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Energy

Japan faces dilemma in Sakhalin as G-7 vows to quit Russian crude

Continued stakes in pivotal oil and gas projects highlight Tokyo's energy woes

A liquefied natural gas plant in Sakhalin. Japan's investments in development projects on the island were aimed at diversifying the nation's energy procurement.     © Reuters

TOKYO -- Japan will in principle ban oil imports from Russia but retain its interests in two Sakhalin oil and gas development projects, a contradictory decision that runs counter to the West's goal of depriving Moscow of funds to finance its war in Ukraine.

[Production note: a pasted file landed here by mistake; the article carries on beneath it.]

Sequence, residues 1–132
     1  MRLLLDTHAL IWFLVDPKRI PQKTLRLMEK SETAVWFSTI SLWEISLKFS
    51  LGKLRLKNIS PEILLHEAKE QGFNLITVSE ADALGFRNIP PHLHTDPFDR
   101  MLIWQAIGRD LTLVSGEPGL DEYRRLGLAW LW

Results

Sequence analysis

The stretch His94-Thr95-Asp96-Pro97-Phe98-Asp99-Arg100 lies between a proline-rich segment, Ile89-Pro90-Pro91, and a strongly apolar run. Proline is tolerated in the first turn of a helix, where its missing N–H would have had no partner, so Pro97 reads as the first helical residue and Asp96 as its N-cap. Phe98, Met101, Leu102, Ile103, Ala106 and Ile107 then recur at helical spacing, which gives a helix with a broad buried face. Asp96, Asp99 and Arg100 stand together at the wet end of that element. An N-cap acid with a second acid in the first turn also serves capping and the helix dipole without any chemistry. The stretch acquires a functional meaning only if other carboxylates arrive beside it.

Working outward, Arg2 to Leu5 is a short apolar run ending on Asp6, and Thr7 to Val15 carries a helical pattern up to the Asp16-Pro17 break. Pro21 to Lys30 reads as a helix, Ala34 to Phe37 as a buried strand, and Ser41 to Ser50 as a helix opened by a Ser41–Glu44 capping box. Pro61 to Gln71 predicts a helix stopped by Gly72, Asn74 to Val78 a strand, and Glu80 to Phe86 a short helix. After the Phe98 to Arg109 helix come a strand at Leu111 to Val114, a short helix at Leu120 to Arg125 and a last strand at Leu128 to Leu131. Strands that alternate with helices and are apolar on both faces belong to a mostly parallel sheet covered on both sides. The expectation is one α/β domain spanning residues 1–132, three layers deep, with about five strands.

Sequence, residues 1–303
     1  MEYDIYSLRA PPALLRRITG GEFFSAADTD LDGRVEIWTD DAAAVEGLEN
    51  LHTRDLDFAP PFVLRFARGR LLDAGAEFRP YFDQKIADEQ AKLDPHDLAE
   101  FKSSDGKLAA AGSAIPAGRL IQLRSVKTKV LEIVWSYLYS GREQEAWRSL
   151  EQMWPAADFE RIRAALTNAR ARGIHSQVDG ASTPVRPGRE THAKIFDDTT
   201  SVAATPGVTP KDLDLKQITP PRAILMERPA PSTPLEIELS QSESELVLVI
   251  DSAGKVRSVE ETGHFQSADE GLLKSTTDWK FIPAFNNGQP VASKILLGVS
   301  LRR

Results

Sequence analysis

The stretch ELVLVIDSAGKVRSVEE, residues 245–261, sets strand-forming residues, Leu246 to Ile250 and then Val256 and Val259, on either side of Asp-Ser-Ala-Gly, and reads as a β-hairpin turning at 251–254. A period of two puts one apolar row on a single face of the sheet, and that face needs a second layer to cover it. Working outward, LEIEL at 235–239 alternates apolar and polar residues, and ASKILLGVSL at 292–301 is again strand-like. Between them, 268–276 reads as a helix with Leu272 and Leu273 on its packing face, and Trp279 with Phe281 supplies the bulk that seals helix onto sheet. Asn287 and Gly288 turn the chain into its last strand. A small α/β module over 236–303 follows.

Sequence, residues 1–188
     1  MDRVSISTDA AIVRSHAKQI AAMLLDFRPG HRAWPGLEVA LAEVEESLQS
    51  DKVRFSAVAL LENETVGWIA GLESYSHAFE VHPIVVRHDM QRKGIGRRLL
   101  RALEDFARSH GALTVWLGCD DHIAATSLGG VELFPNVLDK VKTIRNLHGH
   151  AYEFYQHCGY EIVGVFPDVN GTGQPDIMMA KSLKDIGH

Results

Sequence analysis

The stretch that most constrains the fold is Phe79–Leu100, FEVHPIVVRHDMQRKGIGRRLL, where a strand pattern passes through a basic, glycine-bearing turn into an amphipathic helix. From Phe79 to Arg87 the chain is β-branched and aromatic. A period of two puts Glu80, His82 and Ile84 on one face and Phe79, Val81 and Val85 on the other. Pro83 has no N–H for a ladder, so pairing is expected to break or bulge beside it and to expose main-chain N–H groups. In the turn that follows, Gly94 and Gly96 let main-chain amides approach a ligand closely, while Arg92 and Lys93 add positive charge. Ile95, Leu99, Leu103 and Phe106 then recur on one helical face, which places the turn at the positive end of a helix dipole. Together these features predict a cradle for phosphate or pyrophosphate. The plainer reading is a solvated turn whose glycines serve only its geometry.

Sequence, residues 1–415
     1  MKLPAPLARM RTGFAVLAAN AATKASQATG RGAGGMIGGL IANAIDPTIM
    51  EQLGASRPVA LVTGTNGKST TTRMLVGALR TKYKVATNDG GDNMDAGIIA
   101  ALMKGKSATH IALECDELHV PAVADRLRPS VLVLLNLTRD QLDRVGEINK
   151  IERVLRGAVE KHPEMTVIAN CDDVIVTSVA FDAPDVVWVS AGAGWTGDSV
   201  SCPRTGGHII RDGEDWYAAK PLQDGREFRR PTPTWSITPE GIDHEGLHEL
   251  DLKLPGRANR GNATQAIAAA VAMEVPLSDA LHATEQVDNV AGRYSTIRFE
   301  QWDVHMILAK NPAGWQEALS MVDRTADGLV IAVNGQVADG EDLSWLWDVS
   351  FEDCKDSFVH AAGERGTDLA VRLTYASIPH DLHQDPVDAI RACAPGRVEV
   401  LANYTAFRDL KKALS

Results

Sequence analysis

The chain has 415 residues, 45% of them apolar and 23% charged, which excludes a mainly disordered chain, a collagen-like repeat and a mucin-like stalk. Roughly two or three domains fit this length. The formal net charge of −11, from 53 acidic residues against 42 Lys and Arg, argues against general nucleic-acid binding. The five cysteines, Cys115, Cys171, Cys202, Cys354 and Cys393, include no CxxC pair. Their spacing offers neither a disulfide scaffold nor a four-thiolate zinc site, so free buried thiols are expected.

"We will take steps to phase out imports in a way that minimizes the adverse impact," Prime Minister Fumio Kishida told reporters Monday, adding that "the unity of the G-7 is most important." But the prime minister did not elaborate on a timeline or specific steps toward weaning Japan off Russian oil.

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